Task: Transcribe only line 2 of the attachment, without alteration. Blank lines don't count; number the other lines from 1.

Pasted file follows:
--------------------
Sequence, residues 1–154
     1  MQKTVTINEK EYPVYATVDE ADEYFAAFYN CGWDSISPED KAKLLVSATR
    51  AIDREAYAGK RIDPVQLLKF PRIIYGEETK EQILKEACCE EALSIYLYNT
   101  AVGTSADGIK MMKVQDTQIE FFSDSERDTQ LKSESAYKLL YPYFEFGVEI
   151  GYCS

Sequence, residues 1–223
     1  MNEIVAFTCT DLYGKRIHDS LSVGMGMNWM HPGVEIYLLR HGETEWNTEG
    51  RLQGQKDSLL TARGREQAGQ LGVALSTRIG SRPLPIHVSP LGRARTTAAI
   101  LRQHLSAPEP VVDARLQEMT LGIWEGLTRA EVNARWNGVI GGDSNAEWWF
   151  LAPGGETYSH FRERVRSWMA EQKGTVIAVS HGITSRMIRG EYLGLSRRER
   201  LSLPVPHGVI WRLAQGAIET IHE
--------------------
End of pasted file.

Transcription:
     1  MQKTVTINEK EYPVYATVDE ADEYFAAFYN CGWDSISPED KAKLLVSATR